Joe Takach

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We’ve all heard the handicapping terminology “unplayable race”, but what makes a race unplayable and how can you identify them?

An unplayable race is one where there are so many unknown or unmeasureable variables, that predicting the outcome becomes nothing more than guesswork.  This is obviously in stark contrast to playable races where arriving at a concrete conclusion is a result of properly mixing known handicapping variables.

Some examples of unplayable races follow in no particular order, but by no means is this brief writing intended to include every single unplayable scenario known to man in the handicapping world---just some of the more obvious. 


We see these maiden races every day!  You’re presented up to 12 horses in any given race, half of which have never started before.  Granted there are indicators such as morning drills, trainer ability, named jockey, running surface preferences, distance preferences etc.  But face facts, we really know VERY LITTLE until we see any horse in the “heat of battle”.  Putting even 1 of these unraced horses in any race can change everything!  Maybe a trainer just wants to see if his first-timer can get out of the gate and “rocket” for 2 furlongs as a “prep” for an all-out effort next time.  If there are other speed horses in the field and this 2 furlong horse does in fact either set or press the pace, the whole race shape changes and the outcome becomes more clouded.   Put 2,3, 4 or more “firsters” in this field and you add even more confusion with outcomes expanded exponentially----an unplayable race if there ever was one!


Much like 1st time starters, we see shippers from other circuits invade our tracks nearly every day.  While they might be literal “monsters” over their home court, when they go out of town, they are often nothing more than also-rans.  The problem for a handicapper is that the shipper has never raced over today’s specific course (dirt or turf) against those he’s facing this afternoon, so how could you possibly predict the outcome unless the horse had a unique twist to him such as he’s the “lone frontrunner”.  Will the shipper win or alter the outcome?  Who really knows?  The race could easily be viewed as unplayable and most likely is, unless you can toss out the shipper with utmost confidence.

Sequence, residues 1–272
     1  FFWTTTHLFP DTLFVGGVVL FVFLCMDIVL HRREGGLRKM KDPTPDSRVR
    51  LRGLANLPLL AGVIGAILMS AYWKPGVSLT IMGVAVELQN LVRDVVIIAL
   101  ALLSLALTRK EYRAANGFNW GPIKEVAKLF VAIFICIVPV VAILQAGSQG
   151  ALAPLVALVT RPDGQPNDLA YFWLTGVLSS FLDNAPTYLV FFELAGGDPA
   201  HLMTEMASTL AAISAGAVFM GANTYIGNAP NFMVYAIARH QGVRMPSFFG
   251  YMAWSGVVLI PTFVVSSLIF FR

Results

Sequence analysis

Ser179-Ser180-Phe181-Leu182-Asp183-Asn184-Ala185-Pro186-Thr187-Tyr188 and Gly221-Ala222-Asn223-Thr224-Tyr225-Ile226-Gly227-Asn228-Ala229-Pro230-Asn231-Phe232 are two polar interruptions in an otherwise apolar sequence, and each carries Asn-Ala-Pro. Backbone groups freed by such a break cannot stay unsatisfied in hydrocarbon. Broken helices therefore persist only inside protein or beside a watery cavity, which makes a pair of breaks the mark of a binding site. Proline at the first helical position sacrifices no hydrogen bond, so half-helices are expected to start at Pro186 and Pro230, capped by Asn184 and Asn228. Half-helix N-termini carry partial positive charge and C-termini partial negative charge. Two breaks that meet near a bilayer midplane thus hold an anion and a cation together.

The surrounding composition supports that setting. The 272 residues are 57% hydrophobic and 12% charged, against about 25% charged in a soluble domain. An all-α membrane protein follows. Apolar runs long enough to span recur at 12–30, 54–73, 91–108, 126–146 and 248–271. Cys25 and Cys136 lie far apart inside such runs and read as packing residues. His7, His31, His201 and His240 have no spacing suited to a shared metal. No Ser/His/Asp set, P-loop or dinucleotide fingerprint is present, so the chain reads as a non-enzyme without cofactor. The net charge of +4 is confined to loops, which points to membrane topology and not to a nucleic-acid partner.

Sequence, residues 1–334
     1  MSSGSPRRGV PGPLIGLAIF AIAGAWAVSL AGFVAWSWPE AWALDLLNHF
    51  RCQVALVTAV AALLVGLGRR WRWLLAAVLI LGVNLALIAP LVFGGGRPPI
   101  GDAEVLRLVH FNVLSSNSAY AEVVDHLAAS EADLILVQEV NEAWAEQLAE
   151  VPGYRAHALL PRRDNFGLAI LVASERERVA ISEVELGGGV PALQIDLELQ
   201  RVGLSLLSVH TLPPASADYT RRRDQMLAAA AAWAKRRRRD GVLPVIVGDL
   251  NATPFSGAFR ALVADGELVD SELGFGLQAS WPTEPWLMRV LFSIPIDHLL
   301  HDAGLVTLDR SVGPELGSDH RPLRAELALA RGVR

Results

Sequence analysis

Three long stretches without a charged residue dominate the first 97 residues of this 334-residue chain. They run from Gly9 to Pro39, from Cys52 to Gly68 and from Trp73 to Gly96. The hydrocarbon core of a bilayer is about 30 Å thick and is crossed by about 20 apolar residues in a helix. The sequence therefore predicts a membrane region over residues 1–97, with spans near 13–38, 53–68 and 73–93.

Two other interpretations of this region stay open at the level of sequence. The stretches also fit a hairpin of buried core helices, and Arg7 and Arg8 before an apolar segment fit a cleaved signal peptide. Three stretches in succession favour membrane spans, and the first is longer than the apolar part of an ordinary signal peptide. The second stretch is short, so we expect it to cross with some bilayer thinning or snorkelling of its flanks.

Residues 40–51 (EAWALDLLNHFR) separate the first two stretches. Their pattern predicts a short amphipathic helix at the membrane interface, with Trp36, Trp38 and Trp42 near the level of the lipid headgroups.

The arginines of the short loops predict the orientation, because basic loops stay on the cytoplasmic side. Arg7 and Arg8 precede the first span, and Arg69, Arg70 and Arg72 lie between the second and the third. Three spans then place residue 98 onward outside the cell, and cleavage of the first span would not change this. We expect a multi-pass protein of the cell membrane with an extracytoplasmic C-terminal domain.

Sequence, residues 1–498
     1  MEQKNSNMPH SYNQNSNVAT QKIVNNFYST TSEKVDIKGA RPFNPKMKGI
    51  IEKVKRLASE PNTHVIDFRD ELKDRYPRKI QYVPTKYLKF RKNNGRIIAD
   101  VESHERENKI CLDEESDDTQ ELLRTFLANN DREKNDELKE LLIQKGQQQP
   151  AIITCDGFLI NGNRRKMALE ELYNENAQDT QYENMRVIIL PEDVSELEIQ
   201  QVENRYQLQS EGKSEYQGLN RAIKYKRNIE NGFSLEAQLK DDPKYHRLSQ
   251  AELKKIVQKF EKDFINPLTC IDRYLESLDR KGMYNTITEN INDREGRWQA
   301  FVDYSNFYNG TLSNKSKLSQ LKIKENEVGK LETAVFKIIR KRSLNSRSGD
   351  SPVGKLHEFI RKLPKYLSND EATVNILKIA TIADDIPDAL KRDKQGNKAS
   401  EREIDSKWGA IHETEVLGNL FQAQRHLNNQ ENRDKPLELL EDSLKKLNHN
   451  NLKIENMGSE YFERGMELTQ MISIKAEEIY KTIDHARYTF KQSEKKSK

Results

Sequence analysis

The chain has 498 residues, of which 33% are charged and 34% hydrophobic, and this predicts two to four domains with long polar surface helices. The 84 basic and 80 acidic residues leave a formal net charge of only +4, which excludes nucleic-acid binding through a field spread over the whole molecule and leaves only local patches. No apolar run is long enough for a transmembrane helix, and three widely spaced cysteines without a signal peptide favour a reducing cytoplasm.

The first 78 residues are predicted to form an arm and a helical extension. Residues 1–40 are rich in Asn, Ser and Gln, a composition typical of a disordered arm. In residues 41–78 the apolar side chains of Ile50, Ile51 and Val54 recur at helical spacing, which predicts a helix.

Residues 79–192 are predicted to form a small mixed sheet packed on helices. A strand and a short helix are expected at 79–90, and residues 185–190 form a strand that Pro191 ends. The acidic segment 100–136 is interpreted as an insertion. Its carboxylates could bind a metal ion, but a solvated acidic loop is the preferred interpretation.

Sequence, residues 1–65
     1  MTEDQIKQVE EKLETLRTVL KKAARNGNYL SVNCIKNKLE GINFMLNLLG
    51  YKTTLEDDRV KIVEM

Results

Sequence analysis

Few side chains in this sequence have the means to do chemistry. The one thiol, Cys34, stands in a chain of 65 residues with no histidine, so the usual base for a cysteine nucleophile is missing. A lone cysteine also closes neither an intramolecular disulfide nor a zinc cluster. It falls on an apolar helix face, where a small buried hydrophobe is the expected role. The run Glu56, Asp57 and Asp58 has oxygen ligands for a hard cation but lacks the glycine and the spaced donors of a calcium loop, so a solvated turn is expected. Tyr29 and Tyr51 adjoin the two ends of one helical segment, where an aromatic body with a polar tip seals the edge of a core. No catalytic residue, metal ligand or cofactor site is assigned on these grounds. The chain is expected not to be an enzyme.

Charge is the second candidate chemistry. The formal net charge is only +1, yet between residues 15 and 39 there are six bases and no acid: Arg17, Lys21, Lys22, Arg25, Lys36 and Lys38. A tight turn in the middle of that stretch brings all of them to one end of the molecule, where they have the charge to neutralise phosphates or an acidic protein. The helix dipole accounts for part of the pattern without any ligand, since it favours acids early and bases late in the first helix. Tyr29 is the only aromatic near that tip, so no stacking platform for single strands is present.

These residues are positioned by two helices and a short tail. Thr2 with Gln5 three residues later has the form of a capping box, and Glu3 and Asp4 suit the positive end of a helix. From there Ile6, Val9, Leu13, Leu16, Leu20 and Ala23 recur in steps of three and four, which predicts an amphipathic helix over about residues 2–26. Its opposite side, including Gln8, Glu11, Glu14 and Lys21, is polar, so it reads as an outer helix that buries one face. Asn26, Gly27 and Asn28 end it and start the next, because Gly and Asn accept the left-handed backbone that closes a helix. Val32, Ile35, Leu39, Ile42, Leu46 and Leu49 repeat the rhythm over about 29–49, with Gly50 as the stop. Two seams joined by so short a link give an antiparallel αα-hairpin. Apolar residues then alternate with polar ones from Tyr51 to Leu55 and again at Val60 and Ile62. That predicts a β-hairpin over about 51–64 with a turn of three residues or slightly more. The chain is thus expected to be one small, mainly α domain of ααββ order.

We’re faced with this on a daily basis.  Horses switch distances with regularity.  Minimal changes from 6 to 6 ½ furlongs or from a mile to 1 1/16 miles may or may not be meaningful and are usually “handicappable”.  Most unplayable races occur when the horse in question is asked to run past his pedigree.  If he’s only a miler, he’ll most likely “get” and possibly win a 1 1/16 mile event if he’s a strong frontrunner and today’s surface strongly favors speed.  But to expect him to “get” 1 1/4 miles (regardless of running bias) is stretching your imagination. 


This should be our problem the rest of our lives, because sooner or later we’d be able to separate talented runners once they had competed against each other a few times.  But when first confronted with this situation, the race suddenly becomes unplayable even though we “feel” we should be playing the race because how many times do we get the chance to actually wager on good horses.  As an example, there might be a Grade 1 race at your track today containing 8 runners, all of whom had won a Grade 1 race within the past 90 days-----way too tough for me no matter what the past performances look like.  I’ll wait for softer spots.

It almost seems hypocritical to complain about too many good or very evenly-matched horses in any race given today’s skimpy fields. But when you gamble and your long term goal is to turn a healthy profit, you should only wager when YOU CAN SEE a distinct, positive, and profitable edge with your selection!


Sadly, this is the reason that we pass most races!  The bottom-feeding 8, 10, 12.5 and sometimes even 16K claiming fields in Southern California are often indecipherable and unseparable in the past performances.  It’s hard enough trying to find the fastest horse in any field, sifting thru the walking-wounded seeking the “least slow” is yet again another matter!